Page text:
The gettimeofday() function has a resolution of microseconds.

C++

#include <sys/time.h>
struct timeval *Tps, *Tpf;
void *Tzp;
Tps = (struct timeval*) malloc(sizeof(struct timeval)):
Tpf = (struct timeval*) malloc(sizeof(struct timeval));
Tzp = 0;
gettimeofday (Tps, Tzp);
 <code to be timed>
gettimeofday (Tpf, Tzp); 
printf("Total Time (usec): %ld\n",
(Tpf->tv_sec-Tps->tv_sec)*1000000
             + Tpf->tv_usec-Tps->rvr_usec);

As with FORTRAN codes, MPI_Wtime() may also be used with C/C++ codes to determine the time since a particular date.

C++ example

#include <mpi.h>
double start, finish;

start = MPI_Wtime();
 <code to be timed>
finish = MPI_Wtime();

printf("Final Time: %f", finish-start);
/* Time is in milliseconds since a particular date */

Java codes

For Java codes, the System.currentTimeMillis() may be used to determine the time since a particular date.

long start = System.currentTimeMillis();
 <code to be timed>
long finish = System.currentTimeMillis();
printf("Final Time: %f", finish-start);
/* Time is in milliseconds since a particular date */

Default sizes

FORTRAN codes

The default sizes and available datatypes of the SP are as follows

Type Length (bytes)
character 1
complex 2 x 4
double complex 2 x 8
double precision 8
integer/logical 4
real 4

NB. double complex is not standard FORTRAN.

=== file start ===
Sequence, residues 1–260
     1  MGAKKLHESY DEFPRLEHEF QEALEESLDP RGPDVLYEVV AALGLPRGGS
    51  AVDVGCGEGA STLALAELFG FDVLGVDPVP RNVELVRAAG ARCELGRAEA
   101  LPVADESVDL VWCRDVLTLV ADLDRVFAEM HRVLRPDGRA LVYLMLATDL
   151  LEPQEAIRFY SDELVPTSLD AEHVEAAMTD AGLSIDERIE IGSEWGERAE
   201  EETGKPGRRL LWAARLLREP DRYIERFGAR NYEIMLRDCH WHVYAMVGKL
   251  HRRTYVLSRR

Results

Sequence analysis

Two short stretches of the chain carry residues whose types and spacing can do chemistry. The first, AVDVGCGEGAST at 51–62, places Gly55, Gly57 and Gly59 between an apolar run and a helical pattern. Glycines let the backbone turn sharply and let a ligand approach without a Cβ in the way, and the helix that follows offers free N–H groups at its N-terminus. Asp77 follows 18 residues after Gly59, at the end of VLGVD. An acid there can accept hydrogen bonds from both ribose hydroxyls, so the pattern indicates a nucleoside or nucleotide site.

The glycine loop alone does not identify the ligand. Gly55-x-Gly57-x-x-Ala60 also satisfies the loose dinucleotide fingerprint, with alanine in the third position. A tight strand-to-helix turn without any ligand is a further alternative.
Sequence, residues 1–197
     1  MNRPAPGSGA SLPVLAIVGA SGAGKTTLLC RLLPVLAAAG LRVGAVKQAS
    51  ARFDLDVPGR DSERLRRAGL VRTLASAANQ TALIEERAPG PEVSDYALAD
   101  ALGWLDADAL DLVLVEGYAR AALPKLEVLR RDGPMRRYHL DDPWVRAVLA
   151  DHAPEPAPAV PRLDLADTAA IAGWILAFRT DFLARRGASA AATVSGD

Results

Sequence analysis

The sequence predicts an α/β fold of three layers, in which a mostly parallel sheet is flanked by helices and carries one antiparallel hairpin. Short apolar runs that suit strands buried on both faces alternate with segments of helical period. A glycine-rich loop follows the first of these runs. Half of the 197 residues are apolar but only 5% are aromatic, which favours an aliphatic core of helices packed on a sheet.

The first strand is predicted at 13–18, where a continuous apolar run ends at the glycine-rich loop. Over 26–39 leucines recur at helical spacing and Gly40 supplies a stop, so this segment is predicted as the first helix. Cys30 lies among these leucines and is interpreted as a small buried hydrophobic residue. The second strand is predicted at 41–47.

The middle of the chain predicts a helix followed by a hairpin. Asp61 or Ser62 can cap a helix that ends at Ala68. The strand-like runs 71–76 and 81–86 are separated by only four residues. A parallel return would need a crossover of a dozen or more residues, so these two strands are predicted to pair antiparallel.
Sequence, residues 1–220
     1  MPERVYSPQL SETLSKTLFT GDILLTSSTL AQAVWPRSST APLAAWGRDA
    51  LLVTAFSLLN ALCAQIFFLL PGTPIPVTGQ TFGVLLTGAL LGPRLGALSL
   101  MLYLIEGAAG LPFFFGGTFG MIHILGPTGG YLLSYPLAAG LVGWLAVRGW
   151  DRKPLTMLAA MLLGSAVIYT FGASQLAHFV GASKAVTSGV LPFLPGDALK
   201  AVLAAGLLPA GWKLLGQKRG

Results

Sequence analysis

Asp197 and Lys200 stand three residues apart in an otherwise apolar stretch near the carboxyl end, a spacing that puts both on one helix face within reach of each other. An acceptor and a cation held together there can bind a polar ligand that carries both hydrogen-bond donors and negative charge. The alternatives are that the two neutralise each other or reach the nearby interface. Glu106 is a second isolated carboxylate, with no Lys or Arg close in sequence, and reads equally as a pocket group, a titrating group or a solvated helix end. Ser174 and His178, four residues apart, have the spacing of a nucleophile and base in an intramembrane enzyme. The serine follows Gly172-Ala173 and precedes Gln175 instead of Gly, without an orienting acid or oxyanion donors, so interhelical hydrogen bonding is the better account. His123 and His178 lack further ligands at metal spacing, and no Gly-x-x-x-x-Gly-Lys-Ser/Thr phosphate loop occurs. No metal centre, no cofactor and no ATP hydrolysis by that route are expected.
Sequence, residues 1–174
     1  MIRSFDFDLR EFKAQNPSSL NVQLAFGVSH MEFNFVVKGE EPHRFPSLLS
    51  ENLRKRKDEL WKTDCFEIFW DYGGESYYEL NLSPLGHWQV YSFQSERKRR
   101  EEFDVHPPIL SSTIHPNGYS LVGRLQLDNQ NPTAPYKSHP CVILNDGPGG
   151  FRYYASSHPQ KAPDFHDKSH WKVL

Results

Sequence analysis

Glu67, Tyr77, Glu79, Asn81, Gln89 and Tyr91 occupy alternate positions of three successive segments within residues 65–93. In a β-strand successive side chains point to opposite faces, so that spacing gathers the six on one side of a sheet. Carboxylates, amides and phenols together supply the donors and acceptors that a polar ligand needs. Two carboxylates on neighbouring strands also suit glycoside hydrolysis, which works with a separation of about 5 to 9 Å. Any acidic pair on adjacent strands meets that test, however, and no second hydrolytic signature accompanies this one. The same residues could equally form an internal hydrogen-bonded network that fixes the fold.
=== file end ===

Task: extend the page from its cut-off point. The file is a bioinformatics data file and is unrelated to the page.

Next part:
The SP XL Fortran compiler flag -qrealsize=8 can be used to promote all default reals, and real constants, to 8 bytes. Integers and logicals can be similarly promoted using -qintsize=8.

A portable alternative is to use the Fortran 90 KIND syntax.

Type KIND * Length (bytes)
complex 4 8 2 x 4
  8 16 2 x 8
  16 32 2 x 16
integer/logical 1 1 1
  2 2 2
  4 4 4
  8 8 8
real 4 4 4
  8 8 8
  16 16 16

C/C++ codes

These are the default sizes of the standard C/C++ datatypes on the IBM SP.

Type Length (bytes)
bool 1
char 1
wchar_t 4
short 2
int 4
long 4/8
float 4
double 8
long double 8/16

NB. bool is C++ only.
The second number given for both long and long double applies when the code is compiled in 64 bit mode.

MPI Datatypes

The default sizes of MPI datatypes are different on the different machines:

Fortran

Type Length (bytes)
MPI_CHARACTER 1
MPI_COMPLEX 2 x 4
MPI_DOUBLE_COMPLEX 2 x 8
MPI_DOUBLE_PRECISION 8
MPI_INTEGER 4
MPI_LOGICAL 4
MPI_REAL 4

NB: If the associated compiler flags are employed to increase the precision of default reals, then the interpretation of MPI_REAL is NOT changed.

MPI defines additional datatypes with explicit sizes. These can be used to provide some portability:

Type Length (bytes) Type Length (bytes)
MPI_COMPLEX8 2 x 4 MPI_LOGICAL1 1
MPI_COMPLEX16 2 x 8 MPI_LOGICAL2 2
MPI_COMPLEX32 2 x 16 MPI_LOGICAL4 4
MPI_INTEGER1 1 MPI_LOGICAL8 8
MPI_INTEGER2 2 MPI_REAL4 4
MPI_INTEGER4 4 MPI_REAL8 8
MPI_INTEGER8 8 MPI_REAL16 16

C

Type Length (bytes) Type Length (bytes)
MPI_CHAR 1 MPI_SHORT 2
MPI_DOUBLE 8 MPI_SIGNED_CHAR 1
MPI_FLOAT 4 MPI_UNSIGNED 4
MPI_INT 4 MPI_UNSIGNED_CHAR 1
MPI_LONG 4 MPI_UNSIGNED_LONG 4
MPI_LONG_DOUBLE 8 MPI_UNSIGNED_LONG_LONG 8
MPI_LONG_LONG 8 MPI_UNSIGNED_SHORT 2
MPI_LONG_LONG_INT 8 MPI_WCHAR 2


next up previous
Next: Batch Processing Up: User's Guide to the Previous: File Management
Andrew Turner
2010-01-14